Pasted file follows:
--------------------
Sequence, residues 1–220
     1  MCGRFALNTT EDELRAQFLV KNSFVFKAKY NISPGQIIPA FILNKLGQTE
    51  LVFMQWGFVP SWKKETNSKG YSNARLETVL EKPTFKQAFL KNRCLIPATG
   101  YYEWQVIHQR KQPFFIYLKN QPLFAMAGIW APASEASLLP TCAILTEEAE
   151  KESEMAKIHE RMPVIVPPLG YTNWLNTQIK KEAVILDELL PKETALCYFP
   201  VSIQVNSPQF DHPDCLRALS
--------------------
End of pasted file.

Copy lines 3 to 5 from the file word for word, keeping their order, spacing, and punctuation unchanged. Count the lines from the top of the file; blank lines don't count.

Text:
    51  LVFMQWGFVP SWKKETNSKG YSNARLETVL EKPTFKQAFL KNRCLIPATG
   101  YYEWQVIHQR KQPFFIYLKN QPLFAMAGIW APASEASLLP TCAILTEEAE
   151  KESEMAKIHE RMPVIVPPLG YTNWLNTQIK KEAVILDELL PKETALCYFP